On May 22, 2019, a team from Carnegie Mellon University’s Software Engineering Institute (SEI) led by Jared Ettinger, an IWP alumnus, published a report on a study on cyber intelligence practices. The SEI had previously published a study in 2013 regarding cyber intelligence, upon which the recent publication built.
Cyber intelligence and cybersecurity are oft confused, and the team’s report found that confusion adversely affects organizational and labor practices. Cyber intelligence entails processing and analyzing information about threats to the “cyber ecosystem.”
The aim of Mr. Ettinger’s team was aggregating existing cyber intelligence practices, noting which were most effective, and identifying the largest challenges to such practices. To that end, they detailed and categorized over 2,000 different practices employed by 32 organizations from a variety of fields.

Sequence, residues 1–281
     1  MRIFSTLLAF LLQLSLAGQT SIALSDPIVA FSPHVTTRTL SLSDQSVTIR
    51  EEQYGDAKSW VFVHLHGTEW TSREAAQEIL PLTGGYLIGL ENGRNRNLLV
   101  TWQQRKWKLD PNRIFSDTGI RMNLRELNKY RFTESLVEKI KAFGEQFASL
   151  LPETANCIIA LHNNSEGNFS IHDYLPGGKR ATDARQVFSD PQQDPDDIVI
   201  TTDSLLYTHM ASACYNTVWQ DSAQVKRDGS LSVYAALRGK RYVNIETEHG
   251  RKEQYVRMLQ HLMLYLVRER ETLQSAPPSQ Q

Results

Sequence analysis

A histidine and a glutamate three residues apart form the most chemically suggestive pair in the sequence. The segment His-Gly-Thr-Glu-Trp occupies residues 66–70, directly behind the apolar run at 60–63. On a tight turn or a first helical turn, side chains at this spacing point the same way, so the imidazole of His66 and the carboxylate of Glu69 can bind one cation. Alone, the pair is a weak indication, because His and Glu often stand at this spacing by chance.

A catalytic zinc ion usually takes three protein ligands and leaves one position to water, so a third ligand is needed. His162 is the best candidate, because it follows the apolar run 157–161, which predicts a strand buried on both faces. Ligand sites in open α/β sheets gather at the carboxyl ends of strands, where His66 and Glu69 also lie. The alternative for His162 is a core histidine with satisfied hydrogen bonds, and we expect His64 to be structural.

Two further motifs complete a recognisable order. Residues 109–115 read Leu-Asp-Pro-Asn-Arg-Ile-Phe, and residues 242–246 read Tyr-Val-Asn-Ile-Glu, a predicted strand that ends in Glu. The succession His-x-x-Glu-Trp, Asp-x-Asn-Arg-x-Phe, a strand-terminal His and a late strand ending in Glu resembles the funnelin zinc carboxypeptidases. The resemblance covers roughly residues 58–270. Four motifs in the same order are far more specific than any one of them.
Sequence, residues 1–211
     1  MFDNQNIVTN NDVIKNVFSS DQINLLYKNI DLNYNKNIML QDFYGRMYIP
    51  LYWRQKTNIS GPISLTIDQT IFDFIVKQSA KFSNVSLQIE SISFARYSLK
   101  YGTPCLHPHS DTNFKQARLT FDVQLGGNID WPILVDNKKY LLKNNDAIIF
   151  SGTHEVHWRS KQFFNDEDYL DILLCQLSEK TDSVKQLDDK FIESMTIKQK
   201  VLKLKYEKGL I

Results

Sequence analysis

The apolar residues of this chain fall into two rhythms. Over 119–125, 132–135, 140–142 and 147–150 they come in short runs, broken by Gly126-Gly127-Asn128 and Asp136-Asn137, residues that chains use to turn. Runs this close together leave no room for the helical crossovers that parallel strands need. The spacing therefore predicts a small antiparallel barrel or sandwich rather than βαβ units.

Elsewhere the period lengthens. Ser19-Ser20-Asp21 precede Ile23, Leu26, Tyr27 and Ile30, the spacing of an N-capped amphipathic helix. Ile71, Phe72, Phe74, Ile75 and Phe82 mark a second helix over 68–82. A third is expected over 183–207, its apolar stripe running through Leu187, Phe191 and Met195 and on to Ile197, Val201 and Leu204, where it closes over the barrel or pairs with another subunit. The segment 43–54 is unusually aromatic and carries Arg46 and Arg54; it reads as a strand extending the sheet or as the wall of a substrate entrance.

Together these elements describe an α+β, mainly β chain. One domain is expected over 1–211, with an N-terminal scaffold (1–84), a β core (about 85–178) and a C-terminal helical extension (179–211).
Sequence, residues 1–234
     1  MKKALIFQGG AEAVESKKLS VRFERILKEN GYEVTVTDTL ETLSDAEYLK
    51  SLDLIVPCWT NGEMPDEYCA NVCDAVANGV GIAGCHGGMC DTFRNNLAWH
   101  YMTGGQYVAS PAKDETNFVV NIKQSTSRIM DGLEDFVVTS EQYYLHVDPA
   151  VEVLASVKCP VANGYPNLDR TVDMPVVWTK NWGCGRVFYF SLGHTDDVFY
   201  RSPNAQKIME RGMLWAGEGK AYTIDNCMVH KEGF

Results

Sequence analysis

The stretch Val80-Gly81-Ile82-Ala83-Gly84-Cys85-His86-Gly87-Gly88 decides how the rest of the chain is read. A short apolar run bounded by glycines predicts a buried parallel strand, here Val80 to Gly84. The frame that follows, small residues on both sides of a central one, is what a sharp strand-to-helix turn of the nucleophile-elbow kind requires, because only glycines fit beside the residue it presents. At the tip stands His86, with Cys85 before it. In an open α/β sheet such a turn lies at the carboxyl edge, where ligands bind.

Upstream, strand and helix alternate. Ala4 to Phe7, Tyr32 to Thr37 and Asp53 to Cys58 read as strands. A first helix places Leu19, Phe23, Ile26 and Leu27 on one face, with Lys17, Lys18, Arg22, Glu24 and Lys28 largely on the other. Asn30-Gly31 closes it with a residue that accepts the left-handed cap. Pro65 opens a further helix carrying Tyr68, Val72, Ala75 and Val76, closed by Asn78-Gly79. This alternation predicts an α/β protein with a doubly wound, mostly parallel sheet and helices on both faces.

The report concluded that while there exist strong practices, there is a profusion of ways to improve cyber intelligence operations. The report listed several challenges faced by organizations of all sizes and guidelines to mitigating those risks. For example, it proposed a framework for conducting cyber intelligence efforts involving environmental context, data gathering, threat analysis, strategic analysis, reporting and feedback, and human-machine teaming.
Since the amount of data throughout the world is constantly increasing, the importance of the field of cyber intelligence can only expand. Mr. Ettinger’s work at the forefront of this field is significant.